ANN ARBOR, Mich., Oct. 12 (UPI) — Diabetes hospitalizations are up by 66 percent since 1993 for all ages and sexes but are higher in young women, U.S. researchers say.
Study author Dr. Joyce Lee of the University of Michigan Health System says the number of diabetes hospitalizations among younger adults — ages 30-39 — more than doubled from 1993 to 2006 and young women were 1.3 times more likely to be hospitalized than young men.
The study, published in Journal of Women’s Health, suggests the pattern of hospitalizations echoes the dramatic increase during the last three decades in the U.S. rates of obesity for young adults — especially women.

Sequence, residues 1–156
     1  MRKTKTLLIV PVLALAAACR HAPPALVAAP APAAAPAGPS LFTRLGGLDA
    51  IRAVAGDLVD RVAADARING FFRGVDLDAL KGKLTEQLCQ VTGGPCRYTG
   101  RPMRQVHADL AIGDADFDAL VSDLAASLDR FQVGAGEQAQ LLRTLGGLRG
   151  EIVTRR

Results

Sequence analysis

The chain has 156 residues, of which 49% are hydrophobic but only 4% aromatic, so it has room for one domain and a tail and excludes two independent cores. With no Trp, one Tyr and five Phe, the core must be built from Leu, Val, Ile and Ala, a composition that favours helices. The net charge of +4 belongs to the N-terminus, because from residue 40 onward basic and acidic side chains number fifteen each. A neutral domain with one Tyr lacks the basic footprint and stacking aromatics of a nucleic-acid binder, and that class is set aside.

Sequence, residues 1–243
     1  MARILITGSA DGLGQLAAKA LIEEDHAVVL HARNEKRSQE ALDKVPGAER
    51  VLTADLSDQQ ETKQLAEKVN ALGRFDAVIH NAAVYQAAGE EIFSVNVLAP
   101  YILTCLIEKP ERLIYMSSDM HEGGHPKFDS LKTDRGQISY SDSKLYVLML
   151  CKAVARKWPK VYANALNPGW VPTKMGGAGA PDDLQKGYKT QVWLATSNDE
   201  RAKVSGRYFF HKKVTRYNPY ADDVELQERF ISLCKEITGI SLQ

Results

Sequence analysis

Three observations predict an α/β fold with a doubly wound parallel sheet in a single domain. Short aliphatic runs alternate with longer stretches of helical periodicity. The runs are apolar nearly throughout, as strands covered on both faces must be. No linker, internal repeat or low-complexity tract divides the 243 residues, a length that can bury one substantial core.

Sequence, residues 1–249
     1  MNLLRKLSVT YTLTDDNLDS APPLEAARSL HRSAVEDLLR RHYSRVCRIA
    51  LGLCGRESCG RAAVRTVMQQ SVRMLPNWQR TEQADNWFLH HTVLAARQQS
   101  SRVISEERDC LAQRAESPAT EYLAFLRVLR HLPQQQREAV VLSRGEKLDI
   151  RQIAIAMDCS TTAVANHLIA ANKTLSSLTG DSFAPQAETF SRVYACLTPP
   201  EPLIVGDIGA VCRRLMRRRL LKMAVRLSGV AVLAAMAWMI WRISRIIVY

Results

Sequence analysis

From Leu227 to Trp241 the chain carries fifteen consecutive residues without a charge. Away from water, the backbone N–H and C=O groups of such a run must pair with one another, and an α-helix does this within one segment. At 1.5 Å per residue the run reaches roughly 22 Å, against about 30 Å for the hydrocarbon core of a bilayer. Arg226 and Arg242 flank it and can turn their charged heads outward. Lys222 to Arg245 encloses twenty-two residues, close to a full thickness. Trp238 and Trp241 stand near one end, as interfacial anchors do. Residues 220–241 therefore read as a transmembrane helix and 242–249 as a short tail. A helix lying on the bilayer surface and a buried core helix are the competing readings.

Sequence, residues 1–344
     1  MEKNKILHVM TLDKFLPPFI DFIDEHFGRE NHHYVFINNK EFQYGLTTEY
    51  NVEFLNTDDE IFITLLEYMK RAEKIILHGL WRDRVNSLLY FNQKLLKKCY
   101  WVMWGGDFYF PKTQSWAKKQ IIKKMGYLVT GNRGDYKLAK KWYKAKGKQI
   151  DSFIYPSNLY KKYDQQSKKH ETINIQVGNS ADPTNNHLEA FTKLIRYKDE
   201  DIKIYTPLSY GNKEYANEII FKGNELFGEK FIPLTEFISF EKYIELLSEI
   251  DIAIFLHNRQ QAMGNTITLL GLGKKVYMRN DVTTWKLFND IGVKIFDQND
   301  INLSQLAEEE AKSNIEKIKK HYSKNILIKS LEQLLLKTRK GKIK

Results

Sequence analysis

The researchers note the possibility women with diabetes may be sicker than their male counterparts. This could be related to the medical care they receive — for example younger women with diabetes have been shown to be less likely to receive preventive care for their diabetes.
“Our findings suggest that further attention must be paid to the young adult population,” Lee says in a statement. “We need more diabetes prevention interventions targeting the young adult population, and women in particular.”
Lee and colleagues evaluated the Nationwide Inpatient Sample database — the largest database of hospital discharges.
Copyright 2010 United Press International, Inc. (UPI). Any reproduction, republication, redistribution and/or modification of any UPI content is expressly prohibited without UPI’s prior written consent.